Singapore, 17 May 2010 – The oldest – and possibly ‘fiercest’ – sun bear in captivity at the Singapore Zoo is now the proud grandmother of a yet to be named male baby bear. This 33-year-old matriarch named Garang, which means ‘fierce’ in Malay, and her daughter Judy welcomed the new family member in February.
These three generations of sun bears, including 8-year-old Matahari, Judy’s first offspring, are the smallest species of bears in the world. Sun bears are found primarily in the tropical rainforests of Southeast Asia. Though relatively diminutive in size and cuddly-looking, these animals can be aggressive in the wild, and are among the most dangerous creatures in the forest. When faced with potential enemies like tigers, leopards, or reticulated pythons, they can inflict deadly bites and use their sharp sickle-like claws to mortally wound their opponent.
However, humans pose the biggest threat to their existence – deforestation and logging have led to their habitat loss. They are also poached for their parts, e.g. fur, paws, or bile, and many young sun bears are trapped for the illegal pet trade. International laws have made any commercial trade in the bear or its body parts illegal, and they have been listed as a species ‘vulnerable’ to extinction.
Singapore Zoo, however, is doing its part to ensure the sun bear’s survival through its successful captive breeding programme, which has produced three sun bears since Garang’s arrival as a one-year-old cub in 1978. Mother and daughter duo Judy and Matahari were both born in Singapore Zoo, as is the latest three-month-old addition. The fifth sun bear at the zoo is 14-year-old male Ballu, the sire of the latest addition. Ballu arrived from Khao Kheow Zoo, Thailand in July 2008.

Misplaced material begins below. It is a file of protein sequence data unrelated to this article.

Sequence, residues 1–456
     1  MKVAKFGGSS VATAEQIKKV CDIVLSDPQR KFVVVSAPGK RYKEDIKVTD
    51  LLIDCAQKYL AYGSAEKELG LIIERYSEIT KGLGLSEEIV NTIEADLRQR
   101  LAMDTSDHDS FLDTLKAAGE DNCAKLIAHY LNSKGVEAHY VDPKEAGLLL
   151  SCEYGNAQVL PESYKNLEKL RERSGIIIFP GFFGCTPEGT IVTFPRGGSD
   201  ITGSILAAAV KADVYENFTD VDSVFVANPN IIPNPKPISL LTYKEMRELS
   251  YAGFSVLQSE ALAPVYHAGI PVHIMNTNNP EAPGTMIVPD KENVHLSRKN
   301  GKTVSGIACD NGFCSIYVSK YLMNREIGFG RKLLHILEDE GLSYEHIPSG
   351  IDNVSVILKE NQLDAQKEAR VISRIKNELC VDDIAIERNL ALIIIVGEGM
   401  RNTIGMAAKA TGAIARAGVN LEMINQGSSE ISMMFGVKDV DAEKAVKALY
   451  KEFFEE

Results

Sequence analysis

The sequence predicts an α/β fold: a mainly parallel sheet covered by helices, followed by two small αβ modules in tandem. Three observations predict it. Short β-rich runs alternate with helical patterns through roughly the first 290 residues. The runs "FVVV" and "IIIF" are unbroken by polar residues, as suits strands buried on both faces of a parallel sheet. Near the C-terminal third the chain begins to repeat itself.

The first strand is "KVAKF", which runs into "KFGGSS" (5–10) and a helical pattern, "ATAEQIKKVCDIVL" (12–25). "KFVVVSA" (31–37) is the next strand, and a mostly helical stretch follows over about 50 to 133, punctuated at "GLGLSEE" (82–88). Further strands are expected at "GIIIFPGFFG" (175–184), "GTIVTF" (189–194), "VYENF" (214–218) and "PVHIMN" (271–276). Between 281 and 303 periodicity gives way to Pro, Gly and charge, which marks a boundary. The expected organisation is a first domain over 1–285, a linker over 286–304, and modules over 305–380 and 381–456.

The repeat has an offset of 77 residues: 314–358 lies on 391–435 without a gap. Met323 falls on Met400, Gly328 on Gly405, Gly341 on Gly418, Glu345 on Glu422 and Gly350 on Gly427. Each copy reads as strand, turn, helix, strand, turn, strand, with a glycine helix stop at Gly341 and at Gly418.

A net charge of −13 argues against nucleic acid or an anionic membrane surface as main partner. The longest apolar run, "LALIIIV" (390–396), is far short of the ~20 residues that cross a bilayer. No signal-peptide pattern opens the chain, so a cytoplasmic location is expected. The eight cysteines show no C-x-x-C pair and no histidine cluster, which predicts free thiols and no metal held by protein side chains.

“Besides our ongoing breeding programme, we were also involved in overseas research and conservation projects, including a field research project in the Danum Valley region of Sabah to gather data on the ecology of the sun bear and its prospects for survival in disrupted forest habitats. Information gathered from this research has allowed the zoo to gain further insight into the sun bears’ physical and behavioural requirements,” said Mr Biswajit Guha, Director of Zoology at Singapore Zoo.
Except for females with their offspring, sun bears are solitary animals and usually give birth to only one cub. These bears spend most of the day sunbathing or sleeping in trees, with their sharp claws perfectly tailored for scaling tree trunks. Because they inhabit rainforests in a tropical climate, sun bears have the least shaggy coat among all bears, and have a prominent yellow-white or orange U-shaped marking on their chests. Being omnivores, they feed mostly on termites, ants, beetle or bee larvae, and a large variety of fruits. Honey is a favourite treat, and these sun bears will go to great lengths to look for bee’s nests up in the treetops.